Derek Jeter is one day closer to making his return from ankle surgery.
According to Peter Botte of the New York Daily News, Jeter played in his third rehab game with Triple-A Scranton Wilkes-Barre tonight and went 0-for-2 with a walk and a run scored. He also had three defensive chances at shortstop in five innings.
Jeter is now 1-for-6 with four walks and one strikeout during his rehab stint. As for the next step, the 39-year-old shortstop told Botte that he will get the day off tomorrow and “unless something changes,” he’ll play another rehab game Wednesday night. The expectation is that he’ll return immediately following the All-Star break, though there’s always the chance that he could be activated this weekend.
Things are going great for the Dodgers lately. They’ve won seven consecutive games and 13 of their last 14. They lead the National League in wins and are in first place in, arguably, the best division in baseball.
But there are a lot of moving parts on a baseball team, and even when some things are going great, other things can go not-so-great. Like this:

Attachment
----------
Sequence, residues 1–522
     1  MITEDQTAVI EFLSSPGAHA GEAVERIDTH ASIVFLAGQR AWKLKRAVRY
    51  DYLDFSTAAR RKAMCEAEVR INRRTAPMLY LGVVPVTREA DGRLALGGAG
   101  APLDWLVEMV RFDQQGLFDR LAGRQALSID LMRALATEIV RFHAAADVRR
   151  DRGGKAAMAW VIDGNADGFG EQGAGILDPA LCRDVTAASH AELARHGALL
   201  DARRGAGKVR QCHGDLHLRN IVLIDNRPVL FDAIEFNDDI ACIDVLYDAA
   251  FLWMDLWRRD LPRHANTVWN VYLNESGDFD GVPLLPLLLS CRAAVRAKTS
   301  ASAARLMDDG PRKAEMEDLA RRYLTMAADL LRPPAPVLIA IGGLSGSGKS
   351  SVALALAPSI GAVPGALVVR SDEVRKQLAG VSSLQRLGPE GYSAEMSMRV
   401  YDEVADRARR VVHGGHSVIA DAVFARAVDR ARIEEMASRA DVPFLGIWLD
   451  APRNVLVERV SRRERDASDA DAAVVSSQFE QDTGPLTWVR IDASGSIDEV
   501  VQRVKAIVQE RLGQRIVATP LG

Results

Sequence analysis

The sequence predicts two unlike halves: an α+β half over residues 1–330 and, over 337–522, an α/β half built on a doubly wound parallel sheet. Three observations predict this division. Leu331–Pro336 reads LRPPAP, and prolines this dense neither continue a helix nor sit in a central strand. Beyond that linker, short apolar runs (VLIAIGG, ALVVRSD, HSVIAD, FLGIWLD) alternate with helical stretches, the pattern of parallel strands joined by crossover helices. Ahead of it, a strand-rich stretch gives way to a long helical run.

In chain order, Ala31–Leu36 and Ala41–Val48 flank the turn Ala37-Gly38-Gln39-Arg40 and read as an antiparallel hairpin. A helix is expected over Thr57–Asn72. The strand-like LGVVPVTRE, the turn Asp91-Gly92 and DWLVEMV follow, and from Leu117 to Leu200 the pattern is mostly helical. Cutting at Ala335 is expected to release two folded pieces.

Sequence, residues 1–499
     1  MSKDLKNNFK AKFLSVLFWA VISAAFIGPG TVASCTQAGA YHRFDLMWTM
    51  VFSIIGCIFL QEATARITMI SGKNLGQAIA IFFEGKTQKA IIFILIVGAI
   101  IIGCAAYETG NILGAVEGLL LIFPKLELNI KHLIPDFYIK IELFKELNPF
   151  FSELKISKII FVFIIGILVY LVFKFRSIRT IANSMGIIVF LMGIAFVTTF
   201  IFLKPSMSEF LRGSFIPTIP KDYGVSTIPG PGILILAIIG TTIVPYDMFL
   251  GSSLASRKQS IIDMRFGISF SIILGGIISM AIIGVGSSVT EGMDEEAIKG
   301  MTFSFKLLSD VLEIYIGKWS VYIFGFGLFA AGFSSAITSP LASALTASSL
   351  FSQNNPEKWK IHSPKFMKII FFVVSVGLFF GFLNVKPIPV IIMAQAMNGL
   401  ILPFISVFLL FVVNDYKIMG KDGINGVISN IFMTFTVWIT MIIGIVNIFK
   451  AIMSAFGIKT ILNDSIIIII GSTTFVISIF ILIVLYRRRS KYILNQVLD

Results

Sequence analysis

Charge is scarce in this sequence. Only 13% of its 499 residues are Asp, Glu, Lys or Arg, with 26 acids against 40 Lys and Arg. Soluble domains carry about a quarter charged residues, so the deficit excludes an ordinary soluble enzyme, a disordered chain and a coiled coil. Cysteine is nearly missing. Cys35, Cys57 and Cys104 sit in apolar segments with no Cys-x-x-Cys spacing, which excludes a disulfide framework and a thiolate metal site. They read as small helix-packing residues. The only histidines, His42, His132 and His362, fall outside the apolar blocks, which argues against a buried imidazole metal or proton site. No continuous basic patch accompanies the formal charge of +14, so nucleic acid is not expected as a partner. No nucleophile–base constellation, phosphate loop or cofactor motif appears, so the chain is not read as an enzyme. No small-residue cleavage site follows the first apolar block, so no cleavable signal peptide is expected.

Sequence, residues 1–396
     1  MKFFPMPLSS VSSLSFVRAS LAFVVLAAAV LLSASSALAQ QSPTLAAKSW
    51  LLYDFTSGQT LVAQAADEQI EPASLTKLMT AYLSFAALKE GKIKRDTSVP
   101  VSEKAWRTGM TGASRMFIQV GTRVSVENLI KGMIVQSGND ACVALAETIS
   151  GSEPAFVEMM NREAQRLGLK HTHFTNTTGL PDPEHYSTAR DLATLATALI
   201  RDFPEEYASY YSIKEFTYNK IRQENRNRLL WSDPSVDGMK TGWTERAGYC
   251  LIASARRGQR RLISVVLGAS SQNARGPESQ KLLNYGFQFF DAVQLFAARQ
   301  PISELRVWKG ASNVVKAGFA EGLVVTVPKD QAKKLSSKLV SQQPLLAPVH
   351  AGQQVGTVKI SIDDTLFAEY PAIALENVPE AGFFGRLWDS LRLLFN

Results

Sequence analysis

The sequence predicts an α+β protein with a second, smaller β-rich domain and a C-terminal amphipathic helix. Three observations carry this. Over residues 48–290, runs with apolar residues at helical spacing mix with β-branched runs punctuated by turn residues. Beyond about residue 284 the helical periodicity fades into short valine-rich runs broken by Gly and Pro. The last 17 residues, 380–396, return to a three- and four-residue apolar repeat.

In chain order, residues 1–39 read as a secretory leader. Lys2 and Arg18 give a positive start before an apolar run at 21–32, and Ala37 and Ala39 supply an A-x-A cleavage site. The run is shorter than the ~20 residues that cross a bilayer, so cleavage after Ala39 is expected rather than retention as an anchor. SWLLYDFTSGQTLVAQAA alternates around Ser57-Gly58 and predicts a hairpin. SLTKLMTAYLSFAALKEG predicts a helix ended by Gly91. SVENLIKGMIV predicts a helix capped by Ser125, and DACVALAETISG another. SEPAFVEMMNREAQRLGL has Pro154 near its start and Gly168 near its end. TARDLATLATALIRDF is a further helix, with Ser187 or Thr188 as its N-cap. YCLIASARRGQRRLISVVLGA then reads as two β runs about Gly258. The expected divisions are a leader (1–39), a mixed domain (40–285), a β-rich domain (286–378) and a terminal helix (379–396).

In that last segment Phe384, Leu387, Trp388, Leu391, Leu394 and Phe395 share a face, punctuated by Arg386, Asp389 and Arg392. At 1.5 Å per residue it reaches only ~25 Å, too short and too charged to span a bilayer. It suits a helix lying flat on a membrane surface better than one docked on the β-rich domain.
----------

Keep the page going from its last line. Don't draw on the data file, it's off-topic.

Urias has been diagnosed with shoulder inflammation and shut down indefinitely. An MRI last week showed no structural damage, but his shoulder is still bothering him. He has not pitched in the bigs since late May, when he allowed seven runs in less than three innings against the Miami Marlins. He was sent down after that and went 3-0 with a 3.12 ERA, six walks and 17 strikeouts in 17.1 innings pitched in three starts with Oklahoma City before being shelved.
Derek Jeter met with Major League Baseball yesterday and told them that he does not yet have the money to purchase the Miami Marlins, reports the Associated Press.
Jeter bid $1.3 billion for the Marlins, as did the group led by Tagg Romney and Tom Glavine. Bidding is one thing, however. Cash on the barrelhead is another. Jeter has been trying to wrangle together an investment group since Jeb Bush pulled out of his bid, but still hasn’t pulled it off. There are reportedly other groups still in the hunt.
If only there was someone else with baseball and Miami ties he could call.